It was 95 degrees with 80% humidity and I was out for a run on the wooded trail near my home. Why I was out for a run in that weather you ask? I was challenging myself to stay committed to a goal; to a schedule. I was expecting to feel a sense of accomplishment; I wasn’t expecting to be inspired.
As I approached the bottom of the large hill that’s at the end of my run, I saw the first couple of girls running towards me…and they kept coming! It was our local high school cross-country team out for a training run. They weren’t just out for a jog – they were running hills…in that weather! What I observed wasn’t each girl out for themselves; focusing on getting their tortured workout over with. I observed a refreshing display of teamwork. All of them – as they were gasping for their own breath – used some of what they had to cheer on their teammates as they passed. Sometimes it was a “you got this!” or a “you’re almost there!” And twice I saw girls slow their pace to match a teammate; to run alongside and encourage them to keep going.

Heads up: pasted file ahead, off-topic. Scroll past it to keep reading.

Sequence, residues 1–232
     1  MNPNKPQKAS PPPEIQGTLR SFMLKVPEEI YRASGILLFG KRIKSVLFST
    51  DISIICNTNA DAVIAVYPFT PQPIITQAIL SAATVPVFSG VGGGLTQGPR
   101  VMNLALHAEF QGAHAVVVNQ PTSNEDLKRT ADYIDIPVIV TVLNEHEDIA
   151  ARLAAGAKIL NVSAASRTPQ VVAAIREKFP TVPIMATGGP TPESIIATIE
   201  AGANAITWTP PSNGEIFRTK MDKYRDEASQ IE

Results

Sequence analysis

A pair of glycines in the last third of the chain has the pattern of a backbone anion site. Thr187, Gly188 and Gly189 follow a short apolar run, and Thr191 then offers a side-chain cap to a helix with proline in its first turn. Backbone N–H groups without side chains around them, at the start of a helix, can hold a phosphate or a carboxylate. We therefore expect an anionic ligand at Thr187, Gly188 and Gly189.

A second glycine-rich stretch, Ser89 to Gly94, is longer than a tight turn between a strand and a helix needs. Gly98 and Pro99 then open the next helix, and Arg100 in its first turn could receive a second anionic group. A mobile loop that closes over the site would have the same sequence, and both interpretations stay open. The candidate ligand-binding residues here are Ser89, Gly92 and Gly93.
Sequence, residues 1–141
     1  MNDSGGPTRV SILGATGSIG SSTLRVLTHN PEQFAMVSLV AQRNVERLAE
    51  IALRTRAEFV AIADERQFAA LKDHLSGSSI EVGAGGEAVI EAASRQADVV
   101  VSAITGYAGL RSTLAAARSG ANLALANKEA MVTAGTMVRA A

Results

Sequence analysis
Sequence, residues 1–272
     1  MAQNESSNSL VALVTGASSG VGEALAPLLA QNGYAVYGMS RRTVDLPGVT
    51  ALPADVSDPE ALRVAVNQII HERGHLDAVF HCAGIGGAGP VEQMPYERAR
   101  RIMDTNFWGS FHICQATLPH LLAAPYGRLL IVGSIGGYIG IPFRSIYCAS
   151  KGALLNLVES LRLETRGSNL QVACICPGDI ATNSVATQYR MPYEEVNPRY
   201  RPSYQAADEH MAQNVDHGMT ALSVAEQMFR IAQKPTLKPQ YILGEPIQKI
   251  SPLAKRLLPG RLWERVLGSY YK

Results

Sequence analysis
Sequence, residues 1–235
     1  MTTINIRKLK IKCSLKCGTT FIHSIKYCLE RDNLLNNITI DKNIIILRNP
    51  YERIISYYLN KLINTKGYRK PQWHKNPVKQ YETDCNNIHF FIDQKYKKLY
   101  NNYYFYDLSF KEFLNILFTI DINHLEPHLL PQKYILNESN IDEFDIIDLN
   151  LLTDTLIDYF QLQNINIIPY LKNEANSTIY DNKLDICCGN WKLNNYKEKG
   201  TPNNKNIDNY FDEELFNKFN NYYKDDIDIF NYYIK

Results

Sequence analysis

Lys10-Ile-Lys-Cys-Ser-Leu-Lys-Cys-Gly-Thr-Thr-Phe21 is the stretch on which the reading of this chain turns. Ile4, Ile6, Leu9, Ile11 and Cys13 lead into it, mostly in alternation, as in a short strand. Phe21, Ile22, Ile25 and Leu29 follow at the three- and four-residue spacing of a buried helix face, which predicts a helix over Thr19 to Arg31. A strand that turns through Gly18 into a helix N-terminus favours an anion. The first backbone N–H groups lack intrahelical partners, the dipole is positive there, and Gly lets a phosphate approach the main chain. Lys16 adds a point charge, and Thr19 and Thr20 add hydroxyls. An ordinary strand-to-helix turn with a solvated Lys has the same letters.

When times are tough – when you have too much work, not enough resources, and not enough time – do you support your team or do you ignore them? We can all get stuck focusing on our own work and forget how important it is to acknowledge the efforts of others, provide encouragement when times are hard, or thank them for a job well done.
So what can we learn from high-schoolers? We can rethink how to be a team player. We can remember that we are all in charge of our own “run”, and we need to acknowledge those “running” with us. Those high schoolers were keenly aware of something that’s sometimes less obvious, less of an expectation, or simply forgotten in the world of work — no one gets to go home until everyone is off the hill!
So whether you’re the coach, a veteran player, or a rookie; opportunities to lead change and change leadership are everywhere…and you don’t have to run in 95-degree heat to do it!